Discrimination at work — part three: protected characteristics and the perception-reality gap
Discrimination claims accounted for 15.3 per cent of all the employment claims brought in 2011–12, and a great many more were settled before reaching the tribunal door. From an employee’s perspective, discrimination claims are a relatively attractive proposition as there is no service requirement, and compensation is unlimited. Whether meritorious or not, defending these claims eats into limited resources. No amount of best practice will totally eradicate discriminatory conduct or allegations of it, but it is possible to minimise exposure in this area. The starting point is to understand the level of employee knowledge in terms of what is lawful and what it is unlawful, what is acceptable conduct and what is not.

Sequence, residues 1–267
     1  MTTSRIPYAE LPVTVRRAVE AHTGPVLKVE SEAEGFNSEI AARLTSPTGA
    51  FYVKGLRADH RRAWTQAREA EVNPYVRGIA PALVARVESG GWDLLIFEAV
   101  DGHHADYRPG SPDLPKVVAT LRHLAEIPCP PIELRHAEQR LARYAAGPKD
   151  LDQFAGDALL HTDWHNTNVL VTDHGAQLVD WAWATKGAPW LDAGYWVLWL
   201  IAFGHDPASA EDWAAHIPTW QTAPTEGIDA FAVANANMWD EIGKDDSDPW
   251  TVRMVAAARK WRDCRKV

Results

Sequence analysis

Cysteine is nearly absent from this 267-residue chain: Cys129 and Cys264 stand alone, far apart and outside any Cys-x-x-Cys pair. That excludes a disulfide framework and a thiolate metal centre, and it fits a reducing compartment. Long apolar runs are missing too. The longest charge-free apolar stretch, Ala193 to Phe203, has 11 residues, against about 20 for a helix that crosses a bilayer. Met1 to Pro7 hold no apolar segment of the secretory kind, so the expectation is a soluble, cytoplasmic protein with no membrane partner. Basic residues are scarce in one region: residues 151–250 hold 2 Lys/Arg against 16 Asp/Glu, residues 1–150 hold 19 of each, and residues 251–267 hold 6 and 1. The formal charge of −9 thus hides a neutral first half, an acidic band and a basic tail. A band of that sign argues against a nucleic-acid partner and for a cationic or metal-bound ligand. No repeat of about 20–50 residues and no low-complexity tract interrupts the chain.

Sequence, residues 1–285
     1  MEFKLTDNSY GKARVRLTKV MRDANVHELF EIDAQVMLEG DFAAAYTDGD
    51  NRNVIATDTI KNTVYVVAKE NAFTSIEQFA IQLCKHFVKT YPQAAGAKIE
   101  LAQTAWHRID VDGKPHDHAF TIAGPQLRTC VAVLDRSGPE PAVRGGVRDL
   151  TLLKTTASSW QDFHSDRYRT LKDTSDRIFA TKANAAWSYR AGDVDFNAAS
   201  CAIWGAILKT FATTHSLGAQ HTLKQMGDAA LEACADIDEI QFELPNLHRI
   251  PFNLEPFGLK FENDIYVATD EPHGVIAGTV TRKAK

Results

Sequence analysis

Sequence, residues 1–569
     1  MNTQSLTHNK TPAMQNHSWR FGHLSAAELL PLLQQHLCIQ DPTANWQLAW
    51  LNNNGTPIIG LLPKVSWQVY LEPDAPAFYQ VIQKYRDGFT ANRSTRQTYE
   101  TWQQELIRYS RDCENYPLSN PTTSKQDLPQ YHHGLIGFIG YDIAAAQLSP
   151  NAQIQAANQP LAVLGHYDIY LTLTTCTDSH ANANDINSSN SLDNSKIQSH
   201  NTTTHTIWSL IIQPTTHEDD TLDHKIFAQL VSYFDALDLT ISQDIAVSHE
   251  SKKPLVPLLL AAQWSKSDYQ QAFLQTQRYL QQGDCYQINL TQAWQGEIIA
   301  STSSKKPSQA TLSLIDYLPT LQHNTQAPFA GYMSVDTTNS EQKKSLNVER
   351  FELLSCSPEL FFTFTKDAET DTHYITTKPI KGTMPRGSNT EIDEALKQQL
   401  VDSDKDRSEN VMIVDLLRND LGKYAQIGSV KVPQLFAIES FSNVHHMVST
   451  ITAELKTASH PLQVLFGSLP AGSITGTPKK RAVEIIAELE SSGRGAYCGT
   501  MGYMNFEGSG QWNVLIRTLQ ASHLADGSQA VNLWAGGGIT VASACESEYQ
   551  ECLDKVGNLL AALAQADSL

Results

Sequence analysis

This report examines employees’ knowledge or perception of which characteristics are protected by anti-discrimination laws in the workplace. Our separate report on workplace banter looks at attitudes of employees towards office banter and the extent to which they understand the difference between lawful and unlawful conduct that can lead to harassment claims…
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